Some Kind of Bubble Setup is the Only Way the NFL Season Can Happen
Baseball is currently the only sport going on that is not taking place in some form of a bubble environment. The NBA, WNBA, and MLS have campuses in Florida, while the NHL has two campuses in Canada. The MLS had some big issues in the early going and two teams were forced to leave the bubble because of widespread COVID-19 outbreaks, but there have been zero positive cases over the last two weeks. The NBA and WNBA have sailed smoothly so far.
Monday brought bad news for MLB and the concept of holding a season without a bubble, though. The Miami Marlins had members of their organization test positive for coronavirus, including multiple players, and canceled their home opener. Four players who tested positive played in last night's game against the Phillies. Miami is slated to play a game every day this week. It's not a "huge" outbreak, and yet the Marlins' season feels like it's already in jeopardy. It hammered home, once again, how difficult it is to ensure players stay safe and healthy when they aren't within a controlled environment. There are just too many players and too many variables. As far as we know right now, none of the Marlins players who tested positive were irresponsible or reckless, leading to the outbreak. It was just chance.
These are the problems the NFL will be facing, but multiplied by several times because of the size of rosters and staff. We already knew it was going to be difficult to hold a full season with no bubble, but after MLB lasted all of three days before facing an outbreak that poses severe danger to one team's season, it now feels impossible. Between the sheer quantity of people required to put on a football season and the unavoidable fact that football requires constant physical contact from all parties involved, a Marlins situation could result in the end of the season. The dominoes will fall quickly in that regard.
With all that in mind, it sure seems like holding a full season this fall will be next to impossible unless all the players and teams are in a controlled environment. Such a setup wouldn't guarantee there wouldn't be a COVID-19 outbreak, but it certainly would take the likelihood down a few notches. However, as everyone will be pointing out over the next month and a half, NFL teams are simply too big to all be in one place at the same time for an extended period. Lineman-turned-media-member Geoff Schwartz estimated that each team takes over 200 people on the road in normal times. Even if the league forced organizations to cut that down to essential personnel only, that's still probably over 100 people per team if you're bringing a 53-man roster plus a practice squad and staff. Finding a location to host several thousand people and with enough space to practice on a regular basis for six months is not really doable.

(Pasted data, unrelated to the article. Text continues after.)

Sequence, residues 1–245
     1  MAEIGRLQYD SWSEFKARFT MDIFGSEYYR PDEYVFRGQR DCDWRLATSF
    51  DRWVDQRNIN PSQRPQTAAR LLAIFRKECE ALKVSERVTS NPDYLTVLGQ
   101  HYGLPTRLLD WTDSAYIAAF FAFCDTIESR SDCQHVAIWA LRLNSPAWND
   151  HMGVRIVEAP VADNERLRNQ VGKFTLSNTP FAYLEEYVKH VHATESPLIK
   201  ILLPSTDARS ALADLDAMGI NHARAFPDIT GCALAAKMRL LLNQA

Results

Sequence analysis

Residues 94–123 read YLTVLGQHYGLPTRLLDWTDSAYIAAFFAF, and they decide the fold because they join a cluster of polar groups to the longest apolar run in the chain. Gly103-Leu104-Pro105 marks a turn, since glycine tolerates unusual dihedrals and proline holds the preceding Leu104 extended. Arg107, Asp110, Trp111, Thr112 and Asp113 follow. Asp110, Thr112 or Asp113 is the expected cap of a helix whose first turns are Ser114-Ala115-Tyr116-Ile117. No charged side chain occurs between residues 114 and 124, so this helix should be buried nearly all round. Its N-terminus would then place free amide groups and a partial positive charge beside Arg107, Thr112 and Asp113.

But a bubble is needed in some way, shape, or form. Unless things change dramatically for the better before the planned September 10 kickoff (which is more unrealistic than anything mentioned in this blog), a full season won't happen if the NFL just tries to go about business as usual with some social distancing mixed in. A singular bubble wouldn't work, but what about several across the country? Take what the NHL did and bring it to its logical extreme. ESPN's Dan Orlovsky suggested something similar earlier today.
Ten bubbles would be a complicated endeavor, to be sure, but given the resources at the NFL's disposal, nothing should be out of the question. As an addendum to Orlovsky's plan, I would suggest building in a two-week bye period in the middle of the season so teams can travel to other bubbles and help maintain some semblance of competitive balance. With three to four teams in each bubble, finding enough space and fields will be a far less intimidating task.
If there is no bubble, the NFL won't last a month if the state of affairs remains similar to what it is right now. It's just too easy for one of the 150-plus people in the 32 NFL buildings around the league to test positive through no fault of their own. Once one player tests positive, it only takes one practice day with team meetings in airconditioned confines for potentially an entire team to become infected. And that's before we even get to the part where teams are going to be flying to different cities and staying in hotels on a regular basis, including in states where coronavirus continues to run rampant.
Optimism is hard to come by right now, and for good reason. It would be a little easier if the NFL was looking into alternative arrangements like the Orlovsky suggestion above. But the clock is ticking, and the Marlins are another reminder of that.